West Hartford resident Matt Warshauer’s chose the war in Ukraine as for this year’s Halloween display at his North Main Street home this season.
By Ronni Newton
The tableau created by Matt Warshauer on the front lawn of his North Main Street home in West Hartford is jaw-droppingly terrifying, but although the subject is horrific, it’s somewhat less likely than many past displays to spark partisan controversy in the community.
As he considered his plans earlier in the year, Warshauer, a professor at Central Connecticut State University and a political historian who has become known for the elaborate and message-laden Halloween displays he has created for nearly two decades, said he had been considering a focus on the war in Ukraine, but wondered if he should instead choose a domestic theme.
With the temperature of the county, the politics, Warshauer said he just wasn’t sure. And after crowd-sourcing ideas through a Facebook post earlier this summer, his decision was confirmed.
“I was originally going to do something related to Ukraine, but things in the US are so bleepity bleep bleep messed up, I’m wondering if I should focus on America, and then, on what!?! Please understand that over the years I’ve received a fair share of threats and I just don’t need the headache anymore. So, what do I do as a theme?? Send [me] your best ideas! Best quotes…” Warshauer posted on his Facebook page in mid July. There were 67 comments, and a wide range of suggestions including many pushing for Roe v. Wade, as well as climate change, midterm elections, banned books, and mass shootings. He decided to stick with the war in Ukraine.
“I just really wanted to build a tank,” Warshauer said. “I really enjoyed building that helicopter,” he said, referencing his favorite display – an apocalyptic Vietnam War display he constructed in 2015 featuring a downed Huey helicopter – which commemorated the 50th anniversary of the U.S. involvement in Vietnam.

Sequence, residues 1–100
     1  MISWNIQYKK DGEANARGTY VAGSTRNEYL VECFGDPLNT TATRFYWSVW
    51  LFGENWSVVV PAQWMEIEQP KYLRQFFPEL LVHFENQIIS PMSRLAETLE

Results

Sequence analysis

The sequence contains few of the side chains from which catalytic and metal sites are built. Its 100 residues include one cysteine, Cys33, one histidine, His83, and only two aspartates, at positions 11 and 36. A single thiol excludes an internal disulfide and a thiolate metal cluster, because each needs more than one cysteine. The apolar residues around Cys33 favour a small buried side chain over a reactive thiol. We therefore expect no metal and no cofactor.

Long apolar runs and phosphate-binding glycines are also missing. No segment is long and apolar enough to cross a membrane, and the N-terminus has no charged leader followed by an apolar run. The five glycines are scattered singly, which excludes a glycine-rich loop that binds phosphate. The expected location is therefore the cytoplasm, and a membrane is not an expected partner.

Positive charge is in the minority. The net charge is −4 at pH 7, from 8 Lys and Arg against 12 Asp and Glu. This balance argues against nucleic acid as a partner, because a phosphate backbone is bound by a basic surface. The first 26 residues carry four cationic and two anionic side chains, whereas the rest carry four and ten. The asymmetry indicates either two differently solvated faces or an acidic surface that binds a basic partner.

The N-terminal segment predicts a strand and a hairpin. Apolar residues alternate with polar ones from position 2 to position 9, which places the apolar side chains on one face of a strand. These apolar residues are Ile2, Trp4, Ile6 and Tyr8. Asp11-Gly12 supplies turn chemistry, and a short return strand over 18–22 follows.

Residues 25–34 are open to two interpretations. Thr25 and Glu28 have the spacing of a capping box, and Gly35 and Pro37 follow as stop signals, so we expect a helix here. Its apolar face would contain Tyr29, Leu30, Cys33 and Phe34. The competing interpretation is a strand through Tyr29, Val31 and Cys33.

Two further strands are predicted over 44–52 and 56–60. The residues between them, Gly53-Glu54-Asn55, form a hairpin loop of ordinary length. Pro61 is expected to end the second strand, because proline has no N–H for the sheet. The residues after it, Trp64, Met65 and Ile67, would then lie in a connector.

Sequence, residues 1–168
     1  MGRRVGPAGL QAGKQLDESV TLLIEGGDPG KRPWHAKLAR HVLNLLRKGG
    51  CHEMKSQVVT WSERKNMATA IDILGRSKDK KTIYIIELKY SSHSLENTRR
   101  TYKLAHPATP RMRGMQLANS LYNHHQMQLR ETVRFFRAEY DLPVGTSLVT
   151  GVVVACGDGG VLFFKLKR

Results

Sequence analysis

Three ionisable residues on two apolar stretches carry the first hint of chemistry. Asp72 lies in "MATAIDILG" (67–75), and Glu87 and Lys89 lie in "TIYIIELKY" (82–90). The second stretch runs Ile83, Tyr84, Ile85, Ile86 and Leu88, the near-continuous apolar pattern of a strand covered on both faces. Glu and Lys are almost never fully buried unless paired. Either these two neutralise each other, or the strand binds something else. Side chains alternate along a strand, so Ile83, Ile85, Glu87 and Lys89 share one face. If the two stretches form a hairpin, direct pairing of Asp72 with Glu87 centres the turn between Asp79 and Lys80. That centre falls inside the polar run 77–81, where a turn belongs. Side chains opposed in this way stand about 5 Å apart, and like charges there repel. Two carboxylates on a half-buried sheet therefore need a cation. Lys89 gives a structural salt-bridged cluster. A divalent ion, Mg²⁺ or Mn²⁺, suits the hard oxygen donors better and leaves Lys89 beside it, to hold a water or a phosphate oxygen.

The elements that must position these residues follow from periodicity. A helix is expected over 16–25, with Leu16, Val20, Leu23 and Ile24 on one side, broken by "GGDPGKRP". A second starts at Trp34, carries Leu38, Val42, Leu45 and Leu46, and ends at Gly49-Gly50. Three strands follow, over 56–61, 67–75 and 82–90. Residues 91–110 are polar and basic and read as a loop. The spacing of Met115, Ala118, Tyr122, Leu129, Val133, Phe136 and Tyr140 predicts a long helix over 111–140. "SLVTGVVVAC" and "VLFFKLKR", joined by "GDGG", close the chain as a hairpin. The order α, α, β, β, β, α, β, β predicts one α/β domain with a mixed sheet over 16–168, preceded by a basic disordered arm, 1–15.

“It’s not as divisive an issue in America,” Warshauer said of Ukraine. When Russia attacked and invaded Ukraine in February 2022, most Americans condemned Vladimir Putin, and there was so much outpouring of support for the Ukrainian people, including locally where a rally was held at Town Hall in March, and countless fundraisers have been held to support humanitarian aid.
Until some recent happenings – like Russia’s conscription and vote to annex territory in Ukraine – Warshauer said it seemed Ukraine had somewhat disappeared from the newsfeed of many Americans.
Warshauer put up his display on Sunday, Oct. 3, delaying it for a day due to Saturday morning’s rain. Everything had been staged in his driveway and garage, and was ready to go.
The faces of those driving by who saw the tank – and it’s impossible to miss – were wide-eyed with wonder.
The tank is 6 or 7 feet long, about two-thirds scale, he said. It’s placed in front of a backdrop that makes it appear even larger.
Once he decided to create the tank, Warshauer said he began the design work. “I knew that any scale I would do would have to be based off the wheels,” he said, and he went in search of hubcaps. He went to a few salvage yards, but newer vehicles don’t have hubcaps, so there were few to be found – and he needed six of them.
He finally found a salvage yard with hubcaps – six that matched, which was important – and when asked what they were for he told the owner it was an art project. The owner donated the hubcaps to the project.
Warshauer built the frame to hold the hubcaps in a row, and then created the tread from double-wrapped cardboard pieces and scrap wood, glued and clamped together. The rest of the tank followed – framed with wood and constructed mostly of cardboard.
He built a turret, and scoured his house and garage for other items that would add to the effect. There are parts of an old weed whacker, a part of an old light, drawer pulls.
With the addition of a smoke machine, the dramatic vision of a bombed-out tank was complete.
“It’s garbage art at its finest,” he said.
Warshauer can’t help but be proud of the tank. “It just looks so cool,” he said.